Last edited: Nov 27, 2013
  13. StephenHero

    StephenHero Well-Known Member

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    Shogun is fucking long. It's going back in the line for me. A couple more books arrived in the mail for me today:

    Frederick Forsyth - The Day of the Jackal
    Robert Hughes - Barcelona

    I've been meaning to read a cheap spy thriller, although I hear Jackal is better than that. I'm kind of excited to get into it.
     
    Last edited: Nov 27, 2013
  14. i10casual

    i10casual Well-Known Member

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    Oh man, I liked Barcelona.
     
  15. Cleav

    Cleav Well-Known Member

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    Fabulous book get in there!
     
  16. noob in 89

    noob in 89 Well-Known Member

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    Nadja and The Magnetic Fields are the ones that immediately jump out. Can't get more movement-y than the Surrealists, with their manifestos and fake earnestness. (Probably should be read in tandem with the manifestos and a viewing of Un Chien Andalou ).

    That said, I always thought the proto-surrealists (really any authors they tried to retcon as their own -- Jarry, Roussel, Lautreamont, etc.) were always better. There are two anthologies I like a whole, whole lot that would seem to tie into your quest.... The Book of Masks and Breton's Anthology of Black Humor.

    For a New Novel, by Alain Robbe-Grillet? Technichally essays, not fiction, but it probably spurred more of a movement than his novels. (Also I don't know which exact book would be most exemplary....) If you haven't read him, he's got some short stuff that should give you the general idea. There's also Nathalie Sarraute. Same movement. Short stuff in there somewhere.

    Then there's always Oulipo. Raymond Queneau's Exercises in Style is just plain awesome, regardless of historical significance. I think Georges Perec's Life: A User's Manual is the most famous work, though it's pretty long....maybe 500 pages, depending.

    Got Strong Opinions. Funny. Awesome. :slayer:

    .​
     
    Last edited: Nov 28, 2013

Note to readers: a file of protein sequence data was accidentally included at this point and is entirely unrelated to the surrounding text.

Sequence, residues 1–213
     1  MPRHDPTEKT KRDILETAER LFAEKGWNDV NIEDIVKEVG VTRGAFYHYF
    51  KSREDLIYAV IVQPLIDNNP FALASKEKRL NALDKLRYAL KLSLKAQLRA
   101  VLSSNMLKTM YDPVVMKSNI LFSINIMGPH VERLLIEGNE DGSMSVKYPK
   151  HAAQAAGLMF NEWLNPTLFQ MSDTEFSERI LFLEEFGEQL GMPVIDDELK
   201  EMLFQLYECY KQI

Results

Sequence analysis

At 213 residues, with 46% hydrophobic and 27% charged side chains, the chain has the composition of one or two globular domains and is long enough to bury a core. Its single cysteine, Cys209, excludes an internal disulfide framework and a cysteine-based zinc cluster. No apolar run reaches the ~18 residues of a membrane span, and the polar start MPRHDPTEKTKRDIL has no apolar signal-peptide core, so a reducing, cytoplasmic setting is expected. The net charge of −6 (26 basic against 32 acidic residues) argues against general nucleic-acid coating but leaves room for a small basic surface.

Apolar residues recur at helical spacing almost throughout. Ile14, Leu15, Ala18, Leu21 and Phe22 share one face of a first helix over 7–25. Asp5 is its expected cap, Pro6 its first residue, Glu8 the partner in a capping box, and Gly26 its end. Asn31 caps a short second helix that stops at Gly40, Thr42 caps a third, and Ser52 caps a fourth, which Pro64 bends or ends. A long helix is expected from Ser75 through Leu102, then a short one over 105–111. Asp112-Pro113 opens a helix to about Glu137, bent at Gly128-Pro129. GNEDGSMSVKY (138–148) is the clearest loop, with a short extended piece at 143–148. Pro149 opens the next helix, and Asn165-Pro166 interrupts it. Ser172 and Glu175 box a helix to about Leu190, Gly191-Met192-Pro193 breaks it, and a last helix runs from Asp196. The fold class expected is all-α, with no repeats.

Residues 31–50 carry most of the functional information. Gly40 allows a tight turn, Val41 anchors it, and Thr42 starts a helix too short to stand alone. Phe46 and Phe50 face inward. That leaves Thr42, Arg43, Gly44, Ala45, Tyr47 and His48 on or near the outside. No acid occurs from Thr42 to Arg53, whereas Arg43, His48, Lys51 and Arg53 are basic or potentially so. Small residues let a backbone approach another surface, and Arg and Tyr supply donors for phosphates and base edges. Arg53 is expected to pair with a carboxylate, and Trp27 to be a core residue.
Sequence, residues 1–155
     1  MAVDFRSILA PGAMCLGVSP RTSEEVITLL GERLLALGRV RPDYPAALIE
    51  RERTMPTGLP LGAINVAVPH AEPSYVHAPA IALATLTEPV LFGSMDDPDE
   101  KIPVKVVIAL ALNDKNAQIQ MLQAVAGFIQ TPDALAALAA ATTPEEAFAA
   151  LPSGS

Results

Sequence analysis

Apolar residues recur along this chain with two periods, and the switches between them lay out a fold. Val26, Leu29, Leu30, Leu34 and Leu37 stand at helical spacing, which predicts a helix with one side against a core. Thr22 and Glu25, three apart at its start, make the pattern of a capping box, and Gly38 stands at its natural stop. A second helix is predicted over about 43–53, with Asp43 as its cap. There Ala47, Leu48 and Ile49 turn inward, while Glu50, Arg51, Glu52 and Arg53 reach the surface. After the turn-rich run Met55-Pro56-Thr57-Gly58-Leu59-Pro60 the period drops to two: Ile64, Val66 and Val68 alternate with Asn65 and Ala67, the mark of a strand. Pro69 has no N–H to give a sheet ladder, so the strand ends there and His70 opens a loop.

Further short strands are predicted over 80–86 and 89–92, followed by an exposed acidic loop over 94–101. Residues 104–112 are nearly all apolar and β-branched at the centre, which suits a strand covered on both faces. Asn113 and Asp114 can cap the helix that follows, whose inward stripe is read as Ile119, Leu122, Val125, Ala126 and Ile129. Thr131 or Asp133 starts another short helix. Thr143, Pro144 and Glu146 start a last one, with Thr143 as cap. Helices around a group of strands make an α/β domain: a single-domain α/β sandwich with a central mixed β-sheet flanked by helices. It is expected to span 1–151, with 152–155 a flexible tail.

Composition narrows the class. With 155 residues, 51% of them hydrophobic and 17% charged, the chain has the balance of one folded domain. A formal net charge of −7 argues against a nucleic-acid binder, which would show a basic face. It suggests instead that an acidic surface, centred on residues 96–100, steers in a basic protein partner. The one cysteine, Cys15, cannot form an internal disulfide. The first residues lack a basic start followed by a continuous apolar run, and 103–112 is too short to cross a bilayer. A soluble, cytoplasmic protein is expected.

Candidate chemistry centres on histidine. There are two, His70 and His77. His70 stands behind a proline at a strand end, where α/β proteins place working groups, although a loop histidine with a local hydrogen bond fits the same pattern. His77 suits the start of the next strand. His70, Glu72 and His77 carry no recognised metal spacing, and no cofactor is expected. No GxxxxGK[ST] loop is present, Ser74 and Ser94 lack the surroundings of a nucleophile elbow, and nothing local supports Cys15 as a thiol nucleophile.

17. clockwise

    clockwise Well-Known Member

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    I have lived 16 years in Hong Kong so Taipan and Noble House are special to me. Quite simplistic adventures but entertaining. I think Noble House will be more interesting for those who know Hong Kong a bit, Taipan can be enjoyed by anyone. Shogun is however Clavell's best adventure novel in my opinion. A must-read for anyone who likes adventures and is intrigued by Japanese culture.

    The Taipan (named Struan in the book) is Jardine by the way. Jardine House on Hong Kong island was the tallest building in town back in the 1970s, distinguished by its large round windows. Because of the shape of the windows and the character of the people working inside the building, local people gave it a special name: "The house of a thousand assholes". Jardine Matheson were the best opium traders in the 19th century, another version of Pablo Escobar's Medellin outfit but more successful in the long run.

    The Day of the Jackal is my all-time favourite among thrillers. I also loved The Odessa File and The Dogs of War. All Frederick Forsyth wrote after those three were awful. I don't understand what happened to him. Same can be said about another, albeit less excellent, thriller maestro. Robert Ludlum was very good in earlier books such as The Holcroft Covenant, The Matarese Circle, The Bourne Identity, The Chancellor Manuscript and The Osterman Weekend. He then turned into a poor imitation of himself.

    One recent recommendation in this thread was Junichiro Tanizaki's Diary of a Mad Old Man. I whole-heatedly concur. Tanizaki is wonderful and this short novel was the first I read of him. It got me hooked. Another excellent short novel of his is Naomi. His masterpiece (much longer) is The Makioka Sisters. Essential reading for fans of Japanese culture and damn good literature (very far from Clavell/Forsyth/Ludlum).
     
  18. Cleav

    Cleav Well-Known Member

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    Clockwise, good call. -+10 on the Forsyth three with Jackal top of that list. I very rarely re-read books and yet have read Jackal probably 5 times
     
  19. Geoffrey Firmin

    Geoffrey Firmin Well-Known Member

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    If you haven't read Blaise Cendrars Moravagine and Breton Froth on the Daydream both are brilliant surrealist novels worth reading

    And waiting on Tatiana by Martin Cruz Smith to arrive been a big fan of the Arkady Renko books and recently found a first edition hardback of Gorky Park which I picked up for a $1 at a charity stall in excellent condition.
     
    Last edited: Nov 28, 2013
  20. dragon8

    dragon8 Well-Known Member

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    The Everything Store-Jeff Bezos and the Age of Amazon